I am the Queen of organisation so I’m using it to my advantage in the weeks ahead when some of the biggest changes are coming.
Such loss and grief does not, I have learned, go unnoticed by our bodies. In November, having been surprised I hadn’t been hit by so much as a cold during those first few months, my body stopped me in my tracks. I developed what I thought were cold/flu like symptoms which a few days later I thought was a sinus infection. Naively, at the doctor’s I told him that’s what I thought it was so I think he didn’t thoroughly examine me to know it was something else entirely. My puffed up sinus face soon developed into the worst tonsillitis I have ever had. But each day I thought I would probably turn a corner and that bed rest, antibiotics and fluids would sort me out. I stopped sleeping, I didn’t get out of bed and eventually in the early hours of Sunday morning, a week after first getting ill, I realised that something was really terribly wrong. No longer able to swallow, talk or get liquids down me, I sent an SOS to my mum who took me into hospital. My tonsillitis had turned to sepsis and my body just couldn’t fight it anymore. Essentially it was shutting down. After a few attempts at getting a line into me, the IV antibiotics and fluids began to work almost immediately and I was transferred to a hospital with an ENT department. The doctor said I had arrived at the right time to prevent any chances of the sepsis spreading. Ironically I had been reading a leaflet in the doctor’s surgery about signs of sepsis just a few days prior. After a day in hospital and the strongest dose of antibiotics to continue with at home, I was on the road to recovery. My blood test results showed glandular fever which is probably why I was so susceptible to the severity of the tonsillitis.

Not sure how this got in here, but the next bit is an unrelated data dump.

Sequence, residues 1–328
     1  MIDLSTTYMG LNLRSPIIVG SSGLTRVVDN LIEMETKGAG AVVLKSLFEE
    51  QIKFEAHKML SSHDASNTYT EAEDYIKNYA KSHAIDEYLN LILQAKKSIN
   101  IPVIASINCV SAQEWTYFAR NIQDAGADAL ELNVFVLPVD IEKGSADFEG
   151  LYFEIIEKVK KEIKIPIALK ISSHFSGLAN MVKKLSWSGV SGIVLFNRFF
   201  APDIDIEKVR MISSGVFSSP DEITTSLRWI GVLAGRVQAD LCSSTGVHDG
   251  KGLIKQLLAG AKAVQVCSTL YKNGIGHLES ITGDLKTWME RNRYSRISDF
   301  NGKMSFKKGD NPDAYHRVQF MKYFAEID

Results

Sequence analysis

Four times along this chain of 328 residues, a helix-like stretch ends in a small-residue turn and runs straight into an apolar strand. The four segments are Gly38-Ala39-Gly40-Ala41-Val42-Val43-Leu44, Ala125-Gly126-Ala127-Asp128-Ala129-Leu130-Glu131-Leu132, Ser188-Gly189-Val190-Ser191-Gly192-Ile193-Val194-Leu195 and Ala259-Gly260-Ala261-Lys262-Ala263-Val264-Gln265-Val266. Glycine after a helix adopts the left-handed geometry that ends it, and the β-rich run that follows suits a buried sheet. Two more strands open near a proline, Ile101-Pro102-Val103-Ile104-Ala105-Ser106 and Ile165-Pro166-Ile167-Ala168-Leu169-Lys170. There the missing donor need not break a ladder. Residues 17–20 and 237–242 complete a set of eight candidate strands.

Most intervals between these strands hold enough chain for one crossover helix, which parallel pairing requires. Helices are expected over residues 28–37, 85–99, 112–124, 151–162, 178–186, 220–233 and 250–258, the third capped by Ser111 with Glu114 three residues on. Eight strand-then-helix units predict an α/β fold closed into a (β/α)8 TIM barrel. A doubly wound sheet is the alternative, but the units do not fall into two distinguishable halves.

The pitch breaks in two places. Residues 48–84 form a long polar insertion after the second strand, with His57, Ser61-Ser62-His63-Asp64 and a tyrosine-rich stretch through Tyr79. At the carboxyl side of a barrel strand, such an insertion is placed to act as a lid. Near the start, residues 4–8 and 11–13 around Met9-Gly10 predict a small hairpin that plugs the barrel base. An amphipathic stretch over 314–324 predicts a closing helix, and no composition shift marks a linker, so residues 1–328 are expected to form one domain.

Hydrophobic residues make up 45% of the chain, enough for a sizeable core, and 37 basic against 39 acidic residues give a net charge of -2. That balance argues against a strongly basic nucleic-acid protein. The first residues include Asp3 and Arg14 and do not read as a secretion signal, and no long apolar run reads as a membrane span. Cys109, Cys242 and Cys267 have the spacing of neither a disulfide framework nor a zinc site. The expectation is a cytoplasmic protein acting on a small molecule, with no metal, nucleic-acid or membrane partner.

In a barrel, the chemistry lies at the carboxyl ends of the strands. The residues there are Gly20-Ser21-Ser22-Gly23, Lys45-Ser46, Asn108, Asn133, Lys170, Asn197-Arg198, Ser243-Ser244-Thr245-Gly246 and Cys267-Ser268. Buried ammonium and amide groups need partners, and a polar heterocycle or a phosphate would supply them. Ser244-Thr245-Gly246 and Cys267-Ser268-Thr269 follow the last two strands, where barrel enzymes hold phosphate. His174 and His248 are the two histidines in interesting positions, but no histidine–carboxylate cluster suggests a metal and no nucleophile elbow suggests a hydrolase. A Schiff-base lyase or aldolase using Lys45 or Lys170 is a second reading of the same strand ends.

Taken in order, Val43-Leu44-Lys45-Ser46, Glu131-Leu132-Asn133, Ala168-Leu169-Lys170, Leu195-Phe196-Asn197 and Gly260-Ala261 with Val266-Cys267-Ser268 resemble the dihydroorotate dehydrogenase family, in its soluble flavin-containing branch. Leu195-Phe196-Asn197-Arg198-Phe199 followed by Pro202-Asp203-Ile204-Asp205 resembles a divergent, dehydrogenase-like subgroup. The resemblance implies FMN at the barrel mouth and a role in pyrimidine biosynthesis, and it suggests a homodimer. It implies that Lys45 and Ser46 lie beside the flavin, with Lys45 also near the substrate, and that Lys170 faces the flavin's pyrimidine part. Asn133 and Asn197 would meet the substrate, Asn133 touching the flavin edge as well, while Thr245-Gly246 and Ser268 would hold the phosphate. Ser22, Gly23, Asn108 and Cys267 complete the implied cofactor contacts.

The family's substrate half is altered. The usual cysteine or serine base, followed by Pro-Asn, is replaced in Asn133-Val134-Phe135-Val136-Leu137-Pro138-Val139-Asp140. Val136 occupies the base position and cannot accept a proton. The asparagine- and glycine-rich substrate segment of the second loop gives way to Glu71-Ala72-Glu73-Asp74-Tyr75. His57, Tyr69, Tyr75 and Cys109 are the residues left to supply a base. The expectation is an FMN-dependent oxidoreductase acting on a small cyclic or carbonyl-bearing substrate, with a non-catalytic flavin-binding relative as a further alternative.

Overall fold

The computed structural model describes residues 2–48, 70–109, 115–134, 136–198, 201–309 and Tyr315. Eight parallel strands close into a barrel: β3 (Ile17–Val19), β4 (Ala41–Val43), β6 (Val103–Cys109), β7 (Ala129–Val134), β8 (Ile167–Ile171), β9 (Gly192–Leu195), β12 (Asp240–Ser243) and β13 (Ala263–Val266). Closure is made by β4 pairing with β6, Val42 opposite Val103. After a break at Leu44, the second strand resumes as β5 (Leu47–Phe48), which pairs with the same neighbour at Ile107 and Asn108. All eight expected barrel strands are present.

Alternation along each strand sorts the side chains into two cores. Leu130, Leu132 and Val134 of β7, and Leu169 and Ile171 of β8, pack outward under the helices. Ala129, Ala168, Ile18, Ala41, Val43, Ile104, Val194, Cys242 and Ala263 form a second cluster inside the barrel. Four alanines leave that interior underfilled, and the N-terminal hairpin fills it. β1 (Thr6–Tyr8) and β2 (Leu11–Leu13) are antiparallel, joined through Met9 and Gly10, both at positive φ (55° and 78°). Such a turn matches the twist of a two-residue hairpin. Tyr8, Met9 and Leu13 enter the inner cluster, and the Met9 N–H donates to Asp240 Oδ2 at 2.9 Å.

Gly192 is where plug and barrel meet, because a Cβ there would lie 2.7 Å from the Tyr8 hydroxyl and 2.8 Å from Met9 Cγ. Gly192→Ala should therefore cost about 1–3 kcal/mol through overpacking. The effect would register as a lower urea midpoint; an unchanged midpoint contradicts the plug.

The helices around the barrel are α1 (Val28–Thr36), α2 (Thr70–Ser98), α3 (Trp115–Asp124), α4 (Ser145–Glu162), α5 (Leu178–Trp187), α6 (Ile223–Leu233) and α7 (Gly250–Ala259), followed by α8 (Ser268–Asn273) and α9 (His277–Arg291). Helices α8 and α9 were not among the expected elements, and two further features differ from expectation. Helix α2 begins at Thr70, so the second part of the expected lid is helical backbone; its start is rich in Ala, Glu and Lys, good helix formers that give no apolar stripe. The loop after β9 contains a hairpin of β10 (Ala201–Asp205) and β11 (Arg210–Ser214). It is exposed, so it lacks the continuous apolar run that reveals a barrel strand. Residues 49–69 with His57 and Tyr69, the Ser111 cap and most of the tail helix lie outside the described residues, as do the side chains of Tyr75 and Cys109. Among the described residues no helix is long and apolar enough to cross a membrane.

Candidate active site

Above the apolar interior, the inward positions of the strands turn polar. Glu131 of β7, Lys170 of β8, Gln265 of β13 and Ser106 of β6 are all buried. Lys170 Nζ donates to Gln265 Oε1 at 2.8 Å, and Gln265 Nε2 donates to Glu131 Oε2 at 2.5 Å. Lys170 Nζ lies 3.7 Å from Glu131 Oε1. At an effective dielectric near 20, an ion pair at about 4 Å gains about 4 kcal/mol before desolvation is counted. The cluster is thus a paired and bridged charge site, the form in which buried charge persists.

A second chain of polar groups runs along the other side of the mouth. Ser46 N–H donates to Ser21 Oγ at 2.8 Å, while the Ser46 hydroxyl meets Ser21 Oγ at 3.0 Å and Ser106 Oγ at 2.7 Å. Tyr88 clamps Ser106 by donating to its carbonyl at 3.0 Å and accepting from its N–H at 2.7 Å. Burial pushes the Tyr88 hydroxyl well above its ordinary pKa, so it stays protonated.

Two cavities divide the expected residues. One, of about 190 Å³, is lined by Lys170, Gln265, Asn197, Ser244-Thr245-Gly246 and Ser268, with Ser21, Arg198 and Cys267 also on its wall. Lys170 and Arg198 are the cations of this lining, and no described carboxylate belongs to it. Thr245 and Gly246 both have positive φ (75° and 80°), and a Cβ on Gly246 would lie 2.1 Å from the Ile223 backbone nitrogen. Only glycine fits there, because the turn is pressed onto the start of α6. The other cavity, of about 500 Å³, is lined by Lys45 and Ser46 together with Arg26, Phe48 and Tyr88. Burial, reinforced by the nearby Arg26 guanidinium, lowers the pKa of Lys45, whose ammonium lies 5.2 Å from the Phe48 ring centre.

I’ve found my road to recovery frustrating at times. Glandular fever requires a lot of rest, even when you feel ok. Netflix kept me sane as I watched it on my iPad in bed for a whole week after. I didn’t even have the energy to watch TV in the lounge. I felt exhausted when I first went back to work (part time for a few weeks) and was in bed by 8pm. But how wonderful my friends and family were, bringing me wholesome food I could just cook easily, cleaning my house, bringing supplies and get well cards, holding me when I just needed to have a cry because I felt so low. It lifted my spirits to know I wasn’t actually alone. In that moment on that Sunday morning when I woke up and realised how unwell I was, I’d never felt quite so alone or quite so scared. I’ve realised however that it is ok to ask for help. When people offer their help they do actually mean it. It’s really ok to lean on people when you’re stumbling or in my case, collapsing on the floor of the A&E department.